Multiple Independant Z and C Axis Control Possible?

More
13 Mar 2022 23:17 #237159 by my1987toyota
 Most Pick and Place machines have multiple placing heads so a new question is can you control multiple Z and C  axis?
I know LinuxCnC can control 9 simultaneous axis but am I stuck with X, Y, Z, A, B, C, W, U,  and V ?
Or can I rename them X, Y, Z1, Z2, Z3 C1, C2, and C3 or more?

 I could see numbering them could cause a problem and confusion in the system so I figured I would ask first.

Please Log in or Create an account to join the conversation.

More
13 Mar 2022 23:49 #237168 by tommylight
Pretty sure Todd has a machine with 2 Z axis in use, so he is much better at answering this.
The following user(s) said Thank You: my1987toyota

Please Log in or Create an account to join the conversation.

More
14 Mar 2022 16:55 - 14 Mar 2022 17:02 #237218 by Todd Zuercher
If you want to control them independently and simultaneously in g-code you will need to have a axis letter assigned for each degree of freedom you intend to control in g-code. Possibilities would be XYZABCUVW and you would be limited to those 9 in g-code. So if you are wanting to have your multiple Z and C axis do different things at the same time you are going to have to use the drive letters. Where things get grey are if you don't need simultaneous independent control. Then you can do things with changing which joints are slaved to what axis letters, but this will add an order of magnitude of complexity to your machine configuration. So if your multiple Z and C axis are either doing the same thing together (slaved) or not simultaneously, then you could possibly use Z1, Z2... and be changing which joint is obeying the axis command using M-codes. Not sure what is the current practical limit for joints in Linuxcnc, last I checked I thought maybe it was 16.  Another possibility is to set joint position commands directly for joints unpaired with axis letters using M-code commands.  This could make synchronized motion difficult or impossible for those joints, but that might not be an issue for your machine design.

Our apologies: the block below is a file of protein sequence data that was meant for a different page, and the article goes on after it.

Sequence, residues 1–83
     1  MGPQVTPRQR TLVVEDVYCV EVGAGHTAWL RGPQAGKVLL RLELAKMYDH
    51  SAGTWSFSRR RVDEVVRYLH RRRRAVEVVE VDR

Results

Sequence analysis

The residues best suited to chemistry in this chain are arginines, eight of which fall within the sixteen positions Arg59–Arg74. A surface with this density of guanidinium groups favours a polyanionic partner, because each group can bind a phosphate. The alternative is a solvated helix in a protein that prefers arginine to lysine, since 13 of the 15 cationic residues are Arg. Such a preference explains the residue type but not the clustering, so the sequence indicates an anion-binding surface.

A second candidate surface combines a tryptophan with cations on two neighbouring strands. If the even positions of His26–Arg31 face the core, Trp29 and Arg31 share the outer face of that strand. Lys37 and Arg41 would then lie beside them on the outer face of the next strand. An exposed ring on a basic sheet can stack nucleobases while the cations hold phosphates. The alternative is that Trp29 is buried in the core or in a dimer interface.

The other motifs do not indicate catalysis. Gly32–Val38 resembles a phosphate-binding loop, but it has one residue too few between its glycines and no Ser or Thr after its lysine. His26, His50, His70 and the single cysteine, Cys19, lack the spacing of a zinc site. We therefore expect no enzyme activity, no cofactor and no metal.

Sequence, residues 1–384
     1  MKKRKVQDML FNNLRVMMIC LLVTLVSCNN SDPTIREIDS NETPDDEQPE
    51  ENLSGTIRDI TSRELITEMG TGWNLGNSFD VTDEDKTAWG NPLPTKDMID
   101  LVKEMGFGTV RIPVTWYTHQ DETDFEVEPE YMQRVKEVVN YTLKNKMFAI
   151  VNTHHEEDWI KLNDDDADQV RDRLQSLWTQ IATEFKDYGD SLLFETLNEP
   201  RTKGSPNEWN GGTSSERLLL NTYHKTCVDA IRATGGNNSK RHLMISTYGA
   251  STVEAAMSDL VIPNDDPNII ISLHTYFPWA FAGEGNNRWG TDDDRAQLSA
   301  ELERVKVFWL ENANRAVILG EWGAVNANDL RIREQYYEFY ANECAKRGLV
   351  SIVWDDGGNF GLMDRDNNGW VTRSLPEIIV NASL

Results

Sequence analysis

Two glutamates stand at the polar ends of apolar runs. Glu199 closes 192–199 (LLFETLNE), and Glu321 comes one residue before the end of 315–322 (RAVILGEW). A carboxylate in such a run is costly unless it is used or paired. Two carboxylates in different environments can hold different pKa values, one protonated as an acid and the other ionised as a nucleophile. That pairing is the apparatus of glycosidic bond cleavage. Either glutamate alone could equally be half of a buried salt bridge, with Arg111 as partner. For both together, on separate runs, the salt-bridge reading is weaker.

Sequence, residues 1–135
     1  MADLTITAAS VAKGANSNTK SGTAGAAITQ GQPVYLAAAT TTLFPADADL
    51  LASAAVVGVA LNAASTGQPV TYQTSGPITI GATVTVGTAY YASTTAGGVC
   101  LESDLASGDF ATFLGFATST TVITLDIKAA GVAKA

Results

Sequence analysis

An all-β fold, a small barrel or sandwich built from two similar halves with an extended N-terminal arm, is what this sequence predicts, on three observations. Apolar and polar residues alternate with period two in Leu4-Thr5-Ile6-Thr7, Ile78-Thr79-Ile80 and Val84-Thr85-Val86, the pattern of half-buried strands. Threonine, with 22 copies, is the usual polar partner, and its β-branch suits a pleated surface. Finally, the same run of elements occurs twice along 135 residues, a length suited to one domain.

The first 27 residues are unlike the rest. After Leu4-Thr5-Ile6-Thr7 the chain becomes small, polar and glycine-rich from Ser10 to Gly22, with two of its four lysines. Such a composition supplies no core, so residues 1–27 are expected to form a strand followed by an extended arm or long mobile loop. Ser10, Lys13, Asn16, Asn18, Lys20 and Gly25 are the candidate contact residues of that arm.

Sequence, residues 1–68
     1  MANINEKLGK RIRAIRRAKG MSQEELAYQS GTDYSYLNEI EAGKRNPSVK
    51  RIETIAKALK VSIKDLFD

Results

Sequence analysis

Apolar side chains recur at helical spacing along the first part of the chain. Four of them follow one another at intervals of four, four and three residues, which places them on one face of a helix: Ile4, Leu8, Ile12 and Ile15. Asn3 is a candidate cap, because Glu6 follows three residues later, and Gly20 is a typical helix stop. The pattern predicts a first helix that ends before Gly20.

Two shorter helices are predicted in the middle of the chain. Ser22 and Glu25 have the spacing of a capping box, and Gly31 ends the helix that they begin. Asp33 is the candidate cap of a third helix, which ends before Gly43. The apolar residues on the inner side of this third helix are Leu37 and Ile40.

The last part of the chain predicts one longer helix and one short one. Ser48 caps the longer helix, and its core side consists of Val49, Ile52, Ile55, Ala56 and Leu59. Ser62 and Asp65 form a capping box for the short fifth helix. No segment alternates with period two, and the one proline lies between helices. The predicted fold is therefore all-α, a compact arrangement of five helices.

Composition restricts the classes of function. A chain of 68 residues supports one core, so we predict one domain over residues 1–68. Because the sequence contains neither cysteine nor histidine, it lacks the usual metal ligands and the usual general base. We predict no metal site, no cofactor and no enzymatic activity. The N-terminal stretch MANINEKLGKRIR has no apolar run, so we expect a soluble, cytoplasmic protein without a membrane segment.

The machines I have two Z axis on, are configured as Z and W, and I have a set of custom M-codes that can slave/unslave the W axis to the Z axis and when slaved they move together with the Z commands. This lets me have different offsets for the Z and W. For example the start of the g-code file will move both Z and W so the tools in each are the same height above the material, then the axis slaving M-code slaves them together, the milling g-code is ran (with Z and W moving together with only Z commands), then the unslaving M-code is issued, the Z and W are sent to their machine zero positions and the g-code file ends.
Last edit: 14 Mar 2022 17:02 by Todd Zuercher.
The following user(s) said Thank You: tommylight, my1987toyota

Please Log in or Create an account to join the conversation.

More
14 Mar 2022 21:23 #237239 by my1987toyota
 I guess independent was a bit misleading on my part. On any PnP that I have seen even multi headed ones, they still
put down one part at a time, but with multi heads you don't have to go back to a feeder every time a part is placed.
So M-codes to slave and un-slave would probably work best . Fortunately the machine I am currently working on
doesn't have true multi-heads. Just 1 placing head and one air actuated glue dot or solder paste dispensing head. 
However if I build another PnP in the future I would go the true multi-headed route.

Please Log in or Create an account to join the conversation.

More
14 Mar 2022 22:27 #237251 by tommylight
I might be off here, but bare with me ... later you can kick me out! :)